The Brain and the Brawn of the
FirstLine Home Protection System
A SafeGuard® Firstline system consists of one or more fire suppression units that scan a protected area using a Machine Learning neural network trained to identify fire outbreaks and hotspots as they occur. The position of each area is then targeted with water and retardant to suppress each outbreak.
Each suppression unit is capable of operating autonomously and is networked with a status reporting and control panel, adjacent units, auxiliary peripherals. It can be optionally connected with a centralized monitoring system via a satellite based interconnection that is operable even when conventional 4G cell towers are destroyed by fire. When a fire is detected the system reports the incident to the system owner, the central monitoring station, and
the local fire department via SMS text messaging. The
system hosts a web server that to provide information
about system health, need for maintenance, battery,
water reserves. Temperature, humidity, wind speed,
direction, panoramic video of the area covered, and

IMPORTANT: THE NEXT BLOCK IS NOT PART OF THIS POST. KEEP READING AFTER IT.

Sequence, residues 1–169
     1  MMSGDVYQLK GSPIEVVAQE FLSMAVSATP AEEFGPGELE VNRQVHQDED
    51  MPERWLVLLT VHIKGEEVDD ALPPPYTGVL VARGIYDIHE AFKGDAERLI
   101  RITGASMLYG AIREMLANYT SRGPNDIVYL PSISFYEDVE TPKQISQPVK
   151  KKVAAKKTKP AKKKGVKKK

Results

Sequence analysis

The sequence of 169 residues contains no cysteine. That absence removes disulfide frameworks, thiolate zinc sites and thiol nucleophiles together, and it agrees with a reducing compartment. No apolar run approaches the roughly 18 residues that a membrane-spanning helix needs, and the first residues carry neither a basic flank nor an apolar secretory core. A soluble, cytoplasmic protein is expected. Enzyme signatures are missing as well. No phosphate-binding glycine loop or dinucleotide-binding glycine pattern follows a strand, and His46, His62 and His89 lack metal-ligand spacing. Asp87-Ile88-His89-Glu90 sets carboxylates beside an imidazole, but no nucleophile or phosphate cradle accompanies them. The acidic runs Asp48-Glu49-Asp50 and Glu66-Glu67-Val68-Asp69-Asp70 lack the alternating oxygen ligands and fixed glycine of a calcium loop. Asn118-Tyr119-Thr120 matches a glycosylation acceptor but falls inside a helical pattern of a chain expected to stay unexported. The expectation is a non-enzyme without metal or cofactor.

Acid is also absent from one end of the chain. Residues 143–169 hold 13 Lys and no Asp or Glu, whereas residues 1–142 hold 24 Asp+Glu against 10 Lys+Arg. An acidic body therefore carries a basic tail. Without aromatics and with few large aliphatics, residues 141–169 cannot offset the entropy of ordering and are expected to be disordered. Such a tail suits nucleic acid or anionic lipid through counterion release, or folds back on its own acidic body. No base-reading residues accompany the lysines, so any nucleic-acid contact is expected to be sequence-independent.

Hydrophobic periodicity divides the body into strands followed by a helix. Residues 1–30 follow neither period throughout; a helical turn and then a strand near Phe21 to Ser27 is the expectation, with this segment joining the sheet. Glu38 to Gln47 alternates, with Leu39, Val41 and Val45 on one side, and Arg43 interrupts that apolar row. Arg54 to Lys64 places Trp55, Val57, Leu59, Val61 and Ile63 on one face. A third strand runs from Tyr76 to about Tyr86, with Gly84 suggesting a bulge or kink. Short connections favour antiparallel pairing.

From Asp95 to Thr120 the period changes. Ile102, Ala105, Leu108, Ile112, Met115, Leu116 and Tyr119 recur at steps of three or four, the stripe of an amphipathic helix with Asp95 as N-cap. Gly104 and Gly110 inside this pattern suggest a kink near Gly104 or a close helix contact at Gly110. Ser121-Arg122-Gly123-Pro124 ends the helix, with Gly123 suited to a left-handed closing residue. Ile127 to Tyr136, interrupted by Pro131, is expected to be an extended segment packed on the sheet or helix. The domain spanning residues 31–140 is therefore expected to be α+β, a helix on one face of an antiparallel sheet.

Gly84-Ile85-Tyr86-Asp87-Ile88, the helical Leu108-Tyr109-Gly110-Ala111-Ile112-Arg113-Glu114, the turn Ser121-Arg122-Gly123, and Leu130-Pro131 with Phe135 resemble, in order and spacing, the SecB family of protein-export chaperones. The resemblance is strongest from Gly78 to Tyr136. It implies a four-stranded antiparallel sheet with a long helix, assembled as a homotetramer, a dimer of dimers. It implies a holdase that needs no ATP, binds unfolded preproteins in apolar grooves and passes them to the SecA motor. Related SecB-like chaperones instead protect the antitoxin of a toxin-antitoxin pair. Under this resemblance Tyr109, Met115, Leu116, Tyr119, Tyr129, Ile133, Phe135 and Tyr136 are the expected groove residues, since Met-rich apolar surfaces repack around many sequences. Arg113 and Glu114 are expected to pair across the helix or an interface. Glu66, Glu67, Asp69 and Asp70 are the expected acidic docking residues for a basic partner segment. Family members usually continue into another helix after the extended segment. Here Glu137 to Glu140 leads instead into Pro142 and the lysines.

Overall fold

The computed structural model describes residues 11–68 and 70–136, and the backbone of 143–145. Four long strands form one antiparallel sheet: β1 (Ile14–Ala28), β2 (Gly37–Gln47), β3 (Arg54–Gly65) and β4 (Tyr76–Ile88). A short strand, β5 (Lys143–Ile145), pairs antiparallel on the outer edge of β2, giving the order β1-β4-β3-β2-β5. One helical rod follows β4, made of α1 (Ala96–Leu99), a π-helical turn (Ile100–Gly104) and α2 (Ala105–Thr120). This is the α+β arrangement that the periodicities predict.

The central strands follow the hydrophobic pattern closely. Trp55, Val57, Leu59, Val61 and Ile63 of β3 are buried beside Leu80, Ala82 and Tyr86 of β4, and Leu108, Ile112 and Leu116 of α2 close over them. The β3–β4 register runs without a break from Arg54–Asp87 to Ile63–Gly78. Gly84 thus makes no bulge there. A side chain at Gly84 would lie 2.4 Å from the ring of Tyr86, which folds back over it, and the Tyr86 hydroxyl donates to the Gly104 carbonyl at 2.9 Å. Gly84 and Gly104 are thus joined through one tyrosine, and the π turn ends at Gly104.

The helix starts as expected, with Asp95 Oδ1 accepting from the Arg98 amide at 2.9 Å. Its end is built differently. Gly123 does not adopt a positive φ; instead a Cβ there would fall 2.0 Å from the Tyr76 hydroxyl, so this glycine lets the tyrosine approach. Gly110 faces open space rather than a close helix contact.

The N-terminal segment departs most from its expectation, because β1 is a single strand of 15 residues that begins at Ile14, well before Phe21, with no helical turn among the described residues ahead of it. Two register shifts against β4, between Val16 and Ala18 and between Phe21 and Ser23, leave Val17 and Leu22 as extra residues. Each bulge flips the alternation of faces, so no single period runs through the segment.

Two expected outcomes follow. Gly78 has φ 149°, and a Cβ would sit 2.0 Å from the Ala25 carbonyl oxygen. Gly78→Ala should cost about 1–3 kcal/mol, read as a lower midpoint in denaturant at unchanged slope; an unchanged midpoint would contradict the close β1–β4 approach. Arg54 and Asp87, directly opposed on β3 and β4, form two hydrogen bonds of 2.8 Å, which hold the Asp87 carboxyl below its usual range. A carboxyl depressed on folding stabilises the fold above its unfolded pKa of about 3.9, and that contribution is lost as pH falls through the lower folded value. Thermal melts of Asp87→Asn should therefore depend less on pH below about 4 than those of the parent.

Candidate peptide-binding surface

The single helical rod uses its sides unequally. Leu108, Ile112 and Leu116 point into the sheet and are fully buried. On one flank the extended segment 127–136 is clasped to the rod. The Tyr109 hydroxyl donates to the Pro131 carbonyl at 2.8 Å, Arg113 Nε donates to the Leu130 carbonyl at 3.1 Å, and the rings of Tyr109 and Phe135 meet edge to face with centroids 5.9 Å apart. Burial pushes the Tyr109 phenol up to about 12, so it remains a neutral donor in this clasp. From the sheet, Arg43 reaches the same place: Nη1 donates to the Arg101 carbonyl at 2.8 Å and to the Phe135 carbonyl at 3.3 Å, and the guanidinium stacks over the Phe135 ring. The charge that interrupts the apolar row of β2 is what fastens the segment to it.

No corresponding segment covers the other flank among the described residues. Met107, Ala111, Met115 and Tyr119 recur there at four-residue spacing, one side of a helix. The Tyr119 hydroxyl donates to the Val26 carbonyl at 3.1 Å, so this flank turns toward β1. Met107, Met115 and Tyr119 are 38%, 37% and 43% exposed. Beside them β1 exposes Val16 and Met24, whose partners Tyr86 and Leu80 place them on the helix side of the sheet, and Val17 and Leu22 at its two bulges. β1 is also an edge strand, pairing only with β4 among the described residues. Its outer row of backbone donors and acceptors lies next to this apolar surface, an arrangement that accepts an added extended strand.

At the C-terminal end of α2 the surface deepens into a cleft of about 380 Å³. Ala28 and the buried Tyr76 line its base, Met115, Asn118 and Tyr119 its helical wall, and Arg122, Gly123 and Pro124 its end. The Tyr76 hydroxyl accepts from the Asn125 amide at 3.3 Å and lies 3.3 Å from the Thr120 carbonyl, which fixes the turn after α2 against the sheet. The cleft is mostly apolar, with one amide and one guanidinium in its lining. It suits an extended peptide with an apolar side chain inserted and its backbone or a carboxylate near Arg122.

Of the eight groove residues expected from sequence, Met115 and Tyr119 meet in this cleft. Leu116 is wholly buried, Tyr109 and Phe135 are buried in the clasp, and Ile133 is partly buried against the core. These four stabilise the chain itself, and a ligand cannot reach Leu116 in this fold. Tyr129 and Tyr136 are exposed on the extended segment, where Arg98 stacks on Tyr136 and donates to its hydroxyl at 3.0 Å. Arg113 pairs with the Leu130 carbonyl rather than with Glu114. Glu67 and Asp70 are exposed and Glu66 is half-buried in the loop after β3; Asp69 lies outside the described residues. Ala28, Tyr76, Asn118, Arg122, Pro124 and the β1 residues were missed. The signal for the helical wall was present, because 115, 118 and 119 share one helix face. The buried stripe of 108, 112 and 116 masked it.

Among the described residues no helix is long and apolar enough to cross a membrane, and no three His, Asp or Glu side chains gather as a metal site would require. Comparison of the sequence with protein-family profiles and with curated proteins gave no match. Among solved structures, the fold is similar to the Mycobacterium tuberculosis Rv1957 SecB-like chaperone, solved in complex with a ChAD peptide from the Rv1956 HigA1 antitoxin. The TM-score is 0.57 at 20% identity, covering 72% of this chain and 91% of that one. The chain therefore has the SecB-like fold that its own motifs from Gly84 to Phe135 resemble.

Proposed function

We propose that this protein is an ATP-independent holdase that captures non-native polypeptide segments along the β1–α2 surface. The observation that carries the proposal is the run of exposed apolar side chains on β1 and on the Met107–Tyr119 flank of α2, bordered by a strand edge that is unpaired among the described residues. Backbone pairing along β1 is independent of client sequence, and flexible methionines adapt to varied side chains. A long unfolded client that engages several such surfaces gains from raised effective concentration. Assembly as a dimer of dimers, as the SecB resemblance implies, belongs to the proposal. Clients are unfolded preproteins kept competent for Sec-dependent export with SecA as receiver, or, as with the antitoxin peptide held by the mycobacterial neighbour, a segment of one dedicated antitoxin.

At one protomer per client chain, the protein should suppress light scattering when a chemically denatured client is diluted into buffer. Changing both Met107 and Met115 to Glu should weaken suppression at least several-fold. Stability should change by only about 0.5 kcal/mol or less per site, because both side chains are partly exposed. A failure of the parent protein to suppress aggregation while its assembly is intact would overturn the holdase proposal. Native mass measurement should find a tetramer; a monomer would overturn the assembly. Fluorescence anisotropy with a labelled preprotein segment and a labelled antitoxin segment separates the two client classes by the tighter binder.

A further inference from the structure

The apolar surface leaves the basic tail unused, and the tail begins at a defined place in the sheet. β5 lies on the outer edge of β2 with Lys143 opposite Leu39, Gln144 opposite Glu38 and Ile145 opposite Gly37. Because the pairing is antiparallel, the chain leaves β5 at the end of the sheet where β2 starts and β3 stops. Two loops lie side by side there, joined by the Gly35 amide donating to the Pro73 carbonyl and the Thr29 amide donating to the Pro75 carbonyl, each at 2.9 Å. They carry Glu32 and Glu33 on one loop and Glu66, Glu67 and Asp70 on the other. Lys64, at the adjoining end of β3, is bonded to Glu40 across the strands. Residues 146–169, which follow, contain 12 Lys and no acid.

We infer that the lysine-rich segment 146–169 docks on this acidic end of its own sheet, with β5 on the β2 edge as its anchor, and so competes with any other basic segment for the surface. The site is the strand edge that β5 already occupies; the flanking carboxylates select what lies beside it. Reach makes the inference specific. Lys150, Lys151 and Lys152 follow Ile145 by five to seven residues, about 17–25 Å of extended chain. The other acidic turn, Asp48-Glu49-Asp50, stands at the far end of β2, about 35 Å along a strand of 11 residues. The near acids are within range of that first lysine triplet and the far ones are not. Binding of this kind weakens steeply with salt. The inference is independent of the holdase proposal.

longer views of approaching fires currently beyond
the coverage area of the particular system.
The web server can be accessed from any standard
browser with proper name and password credentials.
The central monitoring station (may require a modest
monthly service charge for wireless connectivity) is a
central manned operation monitoring fire conditions
throughout the country that can remotely command a
FirstLine® system to prepare a property in advance of
an approaching fire that is initially beyond the range of its sensors. Trees and landscaping as well as structures within range of the system are protected. The system operates to suppress fire outbreaks quickly so as to conserve water usage under the expectation that public water pressure may fall, or fail completely, during wildfire outbreak. Communicating with a central monitoring station, multiple FirstLine® equipped homes in nearby areas collectively operate as a mesh grid to provide the central control much more accurate and highly localized information about localized fire movement and fire induced winds that can create dramatic localized effects such as the 165 mile per hour fire that killed a firefighter in the Carr fire. This information can be invaluable to firefighters.
The system frees manpower that would otherwise be dedicated to protecting homes and other structures, allowing this manpower to support public safety rescue operations and to implement more strategic fire containment breaks.